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I’ve just started on the journey to get a working server virtualization environment at home.

First, a look at the important parts in the setup:

  • ASUS Z87-PRO motherboard
  • Intel Core i7-4770S processor
  • 16 GB Corsair Vengeance memory
  • LSI Megaraid 9261-8i with battery backup
  • 3 x Western Digital Caviar Red 3 TB

A couple of settings needed changing in the UEFI settings in Advanced mode:

  • Boot\Secure Boot\OS Type should be set to “Other OS”
  • Advanced\CPU Configuration\Intel Virtualization Technology should be set to “Enabled”
  • Advanced\System Agent Configuration\VT-d should be set to “Enabled” (only necessary if you want IOMMU virtualization support)

Then, it’s time to start setting up the software! Download the VMware Hypervisor (current version as of writing is VMware-VMvisor-Installer-5.5.0.update01-1623387.x86_64.iso) from www.wmware.com.

The ASUS Z87-PRO motherboard has an onboard Intel I217V NIC which requires that the drivers are updated in the VMware ISO before installation can begin. VMware ESXi requires a working NIC in order to install. My friend Robert over at http://blog.kihltech.com/2014/01/how-to-add-intel-nic-drivers-to-an-esxi-5-5-iso/ has an excellent blog post about doing this!

After updating the NIC driver in the ISO, I used Rufus (from http://rufus.akeo.ie/) to copy the ISO to a USB drive. It worked like a charm once I realized that the first USB drive I was using obviously wasn’t working…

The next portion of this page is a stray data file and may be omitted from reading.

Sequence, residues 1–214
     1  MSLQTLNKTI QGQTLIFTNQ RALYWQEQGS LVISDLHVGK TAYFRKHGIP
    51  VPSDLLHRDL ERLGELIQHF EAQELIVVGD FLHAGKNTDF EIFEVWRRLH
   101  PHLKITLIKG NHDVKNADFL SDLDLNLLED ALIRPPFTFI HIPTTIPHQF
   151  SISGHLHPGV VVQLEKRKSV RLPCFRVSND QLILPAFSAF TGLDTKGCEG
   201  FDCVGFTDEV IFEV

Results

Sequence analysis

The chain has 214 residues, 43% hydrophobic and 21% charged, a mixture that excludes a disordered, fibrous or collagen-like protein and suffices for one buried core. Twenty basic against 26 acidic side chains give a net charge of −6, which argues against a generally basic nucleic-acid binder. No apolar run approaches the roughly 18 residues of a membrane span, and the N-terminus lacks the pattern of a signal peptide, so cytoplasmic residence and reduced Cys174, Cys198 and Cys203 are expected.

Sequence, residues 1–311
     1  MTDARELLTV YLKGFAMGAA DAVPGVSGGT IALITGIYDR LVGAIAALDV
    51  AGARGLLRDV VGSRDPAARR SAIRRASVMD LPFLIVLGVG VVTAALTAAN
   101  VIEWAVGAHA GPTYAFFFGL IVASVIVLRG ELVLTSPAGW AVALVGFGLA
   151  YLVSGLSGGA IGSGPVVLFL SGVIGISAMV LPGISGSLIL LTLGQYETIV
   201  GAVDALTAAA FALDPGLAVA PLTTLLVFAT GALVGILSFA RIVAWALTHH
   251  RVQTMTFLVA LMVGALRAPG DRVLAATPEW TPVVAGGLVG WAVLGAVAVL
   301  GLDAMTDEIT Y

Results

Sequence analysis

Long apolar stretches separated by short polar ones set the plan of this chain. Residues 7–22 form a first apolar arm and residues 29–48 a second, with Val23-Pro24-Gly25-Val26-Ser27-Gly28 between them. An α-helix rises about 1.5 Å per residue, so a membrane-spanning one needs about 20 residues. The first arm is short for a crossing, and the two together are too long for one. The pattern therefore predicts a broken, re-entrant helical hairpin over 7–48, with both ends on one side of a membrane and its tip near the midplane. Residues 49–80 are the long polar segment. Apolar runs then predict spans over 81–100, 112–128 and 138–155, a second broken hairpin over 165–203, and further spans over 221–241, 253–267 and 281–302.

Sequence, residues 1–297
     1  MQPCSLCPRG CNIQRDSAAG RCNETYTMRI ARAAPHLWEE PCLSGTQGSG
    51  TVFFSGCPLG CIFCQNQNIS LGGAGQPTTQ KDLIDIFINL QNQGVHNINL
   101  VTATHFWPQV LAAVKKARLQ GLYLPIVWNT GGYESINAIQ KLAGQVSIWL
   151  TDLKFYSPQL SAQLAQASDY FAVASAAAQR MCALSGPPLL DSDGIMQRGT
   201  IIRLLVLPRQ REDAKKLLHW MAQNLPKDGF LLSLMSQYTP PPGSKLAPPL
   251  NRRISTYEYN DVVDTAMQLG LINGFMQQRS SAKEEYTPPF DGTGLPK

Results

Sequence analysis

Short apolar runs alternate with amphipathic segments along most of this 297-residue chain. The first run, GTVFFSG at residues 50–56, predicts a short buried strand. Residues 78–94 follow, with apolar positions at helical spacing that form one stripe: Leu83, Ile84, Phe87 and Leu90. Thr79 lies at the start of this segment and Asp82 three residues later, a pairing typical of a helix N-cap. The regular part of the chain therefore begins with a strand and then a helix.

There is a small catch with the UEFI implementation on the Z87-PRO – It doesn’t seem to like booting GPT-partitioned USB drives. Therefore, when you boot the ESXi installer, press Shift-O on the ESXi boot screen and add “formatwithmbr” to the options. Now you should just follow the instructions given by the installation software and everything should be fine!

2 Comments

  1. Great to see you blogging! I’m absolutely sure it will contain a lot of educating posts!

    As you might have seen from my blog I’m kind of interested in DirectPath I/O / passthrough in ESXi and how/if it is working on different consumer motherboards. If you happen to play with it on your board, please let me know how it goes 🙂

    • Thanks! I will definitely tell you when I do some experiments with DirectPath I/O. I intend to use my server in more ways than just as a regular file-and-whatever server and I will most likely need to give hardware access to some virtual machines.


One Trackback/Pingback

  1. By Home Automation Experiments | Daniel's blog on 30 Dec 2014 at 1:01 pm

    […] also have a ESXi-based server (see http://blog.delecon.se/2014/05/setting-up-vmware-esxi-part-1/) which I use for virtual machines that provide various network services at home. Currently, the […]

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